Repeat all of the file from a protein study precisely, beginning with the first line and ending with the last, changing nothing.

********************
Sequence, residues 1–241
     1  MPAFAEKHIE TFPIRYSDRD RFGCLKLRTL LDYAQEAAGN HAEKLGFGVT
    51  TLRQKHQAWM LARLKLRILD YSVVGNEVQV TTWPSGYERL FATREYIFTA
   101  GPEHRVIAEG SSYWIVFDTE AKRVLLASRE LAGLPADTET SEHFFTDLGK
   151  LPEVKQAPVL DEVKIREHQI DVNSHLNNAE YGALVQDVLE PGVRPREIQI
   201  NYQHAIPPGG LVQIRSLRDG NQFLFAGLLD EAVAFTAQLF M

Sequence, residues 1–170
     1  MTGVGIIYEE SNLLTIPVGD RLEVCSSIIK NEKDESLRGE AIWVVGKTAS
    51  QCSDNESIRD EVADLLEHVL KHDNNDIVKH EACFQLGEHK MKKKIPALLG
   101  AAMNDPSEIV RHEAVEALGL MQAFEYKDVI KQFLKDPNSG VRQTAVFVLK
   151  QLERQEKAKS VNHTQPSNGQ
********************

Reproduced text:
Sequence, residues 1–241
     1  MPAFAEKHIE TFPIRYSDRD RFGCLKLRTL LDYAQEAAGN HAEKLGFGVT
    51  TLRQKHQAWM LARLKLRILD YSVVGNEVQV TTWPSGYERL FATREYIFTA
   101  GPEHRVIAEG SSYWIVFDTE AKRVLLASRE LAGLPADTET SEHFFTDLGK
   151  LPEVKQAPVL DEVKIREHQI DVNSHLNNAE YGALVQDVLE PGVRPREIQI
   201  NYQHAIPPGG LVQIRSLRDG NQFLFAGLLD EAVAFTAQLF M

Sequence, residues 1–170
     1  MTGVGIIYEE SNLLTIPVGD RLEVCSSIIK NEKDESLRGE AIWVVGKTAS
    51  QCSDNESIRD EVADLLEHVL KHDNNDIVKH EACFQLGEHK MKKKIPALLG
   101  AAMNDPSEIV RHEAVEALGL MQAFEYKDVI KQFLKDPNSG VRQTAVFVLK
   151  QLERQEKAKS VNHTQPSNGQ